Academic and Career Support: Students on academic probation or those have been referred to developmental courses would be required to meet weekly with a tutor. Students would also meet with an on-campus career counselor or participate in career services events at least once a semester to promote career planning and success.

Financial Support: Students would receive a tuition waiver to cover the gap between tuition and fees and financial aid. Additionally, students satisfying all of the above meeting requirements would receive a financial incentive, such as a gas card or pass for transportation, at least once per month.

“Community colleges play a critical role in American higher education. Of the over 40 percent of undergraduates who are enrolled at community colleges across the United States, a large portion are first-generation, low-income college students, and half are from minority communities. Unfortunately, many of the institutions they attend are under-resourced. In addition, access to college means little without degree completion,” said Meng.

“That is why I am proud to reintroduce the Community College Student Success Act, which is a holistic, student-centered approach to ensuring that community college students have the financial, academic, and career support they need to obtain their degree. If Congress truly values the importance of educating our next generation, we must increase our investment in these colleges and the students they serve. Everybody deserves a quality education, no matter their background, because education is a civil right.”

Nolan Writes De Blasio, Cuomo About Court Square Subway Station Flooding

Assemblywoman Catherine Nolan

Assemblywoman Catherine Nolan (D-Sunnyside, Ridgewood, Long Island City, Queensbridge, Ravenswood, Astoria, Woodside, Maspeth, Dutch Kills, Blissville) recently fired off a letter to both Mayor Bill de Blasio and Gov. Andrew Cuomo urging them to stop construction and at the Court Square Subway Station and fire the contractor doing work there.

The letters followed a terrible accident that occurred at the subway station on the E/M train MTA line on Wednesday, July 17. A social media user captured flooding that almost swept a commuter onto the subway tracks.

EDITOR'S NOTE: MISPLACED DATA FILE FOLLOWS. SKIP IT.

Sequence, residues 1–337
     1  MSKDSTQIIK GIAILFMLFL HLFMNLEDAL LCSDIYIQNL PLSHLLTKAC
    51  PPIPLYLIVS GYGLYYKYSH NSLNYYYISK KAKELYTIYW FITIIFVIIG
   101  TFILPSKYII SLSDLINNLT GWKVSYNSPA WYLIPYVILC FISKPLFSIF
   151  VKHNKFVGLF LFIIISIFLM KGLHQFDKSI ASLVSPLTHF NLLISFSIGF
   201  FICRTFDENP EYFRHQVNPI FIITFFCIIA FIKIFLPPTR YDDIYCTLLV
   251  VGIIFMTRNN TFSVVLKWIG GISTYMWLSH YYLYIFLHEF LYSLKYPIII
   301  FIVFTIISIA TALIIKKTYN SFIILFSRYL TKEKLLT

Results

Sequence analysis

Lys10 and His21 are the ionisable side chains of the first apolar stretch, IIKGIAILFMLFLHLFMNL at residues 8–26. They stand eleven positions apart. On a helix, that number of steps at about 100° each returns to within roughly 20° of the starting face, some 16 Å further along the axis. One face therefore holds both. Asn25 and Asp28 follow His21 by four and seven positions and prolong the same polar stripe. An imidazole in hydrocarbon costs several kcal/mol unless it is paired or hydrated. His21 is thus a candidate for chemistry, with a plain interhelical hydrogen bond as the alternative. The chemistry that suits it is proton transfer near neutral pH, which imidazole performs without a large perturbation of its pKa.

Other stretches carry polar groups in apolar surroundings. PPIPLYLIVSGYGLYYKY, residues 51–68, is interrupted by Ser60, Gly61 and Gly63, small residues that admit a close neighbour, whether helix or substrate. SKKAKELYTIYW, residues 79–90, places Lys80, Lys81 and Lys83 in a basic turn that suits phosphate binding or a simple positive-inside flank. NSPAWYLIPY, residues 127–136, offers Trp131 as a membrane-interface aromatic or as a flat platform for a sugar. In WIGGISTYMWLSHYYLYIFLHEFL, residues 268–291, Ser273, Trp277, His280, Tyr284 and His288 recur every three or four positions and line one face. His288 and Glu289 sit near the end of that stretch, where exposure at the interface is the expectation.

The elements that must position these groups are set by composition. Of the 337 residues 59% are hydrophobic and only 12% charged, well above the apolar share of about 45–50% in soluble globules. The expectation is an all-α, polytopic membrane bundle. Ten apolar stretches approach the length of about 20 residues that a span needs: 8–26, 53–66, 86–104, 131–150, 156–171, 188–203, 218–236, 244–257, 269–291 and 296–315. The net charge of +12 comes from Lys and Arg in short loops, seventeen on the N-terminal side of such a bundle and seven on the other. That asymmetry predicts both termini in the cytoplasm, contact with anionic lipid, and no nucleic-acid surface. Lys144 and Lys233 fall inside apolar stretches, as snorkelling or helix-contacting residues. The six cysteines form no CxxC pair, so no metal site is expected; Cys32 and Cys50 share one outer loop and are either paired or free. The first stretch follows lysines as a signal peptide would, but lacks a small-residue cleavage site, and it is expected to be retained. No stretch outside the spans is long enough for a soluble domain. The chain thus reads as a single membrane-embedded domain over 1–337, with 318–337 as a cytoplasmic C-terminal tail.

“It has been reported that this dangerous incident was a result of a contractor not having proper permits, pumping and fencing. Additionally, there have been permits and permissions granted because of construction of additional entrances and other so-called enhancements that many in our community and community board were unaware was in progress,” she wrote to de Blasio and Cuomo.

“On Wednesday night in the Court Square subway station, a flood of water from a nearby construction site broke through a wall and flooded the station, carrying one man across the platform and frighteningly close to an oncoming train. This was a completely unacceptable incident, and the practices which led to this outcome must be ended immediately.  We must all call upon Mayor de Blasio and the Department of Buildings to shut down this construction site, and to see that the responsible parties are held accountable for their unbelievable disregard for the public’s safety,” she said in a statement.

Weprin Mourns Passing Morgenthau 

Assemblymember David Weprin

Assemblyman David Weprin (D-Fresh Meadows, Richmond Hill) yesterday mourned the passing of former Manhattan District Attorney Robert Morgenthau.

Morganthau, Manhattan’s longest-serving district attorney died Sunday after a short illness. He was 99.

“It is with great sadness that I join New York and the legal community to mourn the passing of former District Attorney Robert Morgenthau. It was my pleasure to serve under D.A. Morgenthau as an intern during his 35-year tenure and get to know him personally over the years. Serving the public since 1961, first as the U.S. attorney for the Southern District of New York, Robert Morgenthau prosecuted some of the City’s most infamous cases and inspired many in the legal field to pursue careers in public service. His passing is a great loss to our City. His tenacity and dedication will be missed and my condolences go out to his wife Lucinda Franks, children, and loved ones,” said Weprin.

Vallone Announces Long-Awaited Traffic Control in Whitestone

City Council Member Paul Vallone

City Council Member Paul Vallone (D-Alley Pond Park, Bay Terrace, Bayside, College Point, Douglaston, East Elmhurst, Flushing, Fresh Meadows, Little Neck, Whitestone) announced he was informed that a long-awaited all-way stop was installed by the Department of Transportation (DOT) at the intersection of 163rd Street and 24th Road. 

Vallone first contacted the DOT on this issue in 2014 and in December of last year penned a letter to DOT Queens Borough Commissioner Nicole Garcia asking the agency to conduct a traffic study at this location.

“This long-awaited traffic control is a win for Whitestone and the residents of 163rd Street who have been petitioning for safety measures for over a decade,” said Vallone. “I thank Cyrille Kousiaris and Salvatore Cippo for their advocacy and Queens Borough Commissioner Nicole Garcia for working closely with my office on this issue.”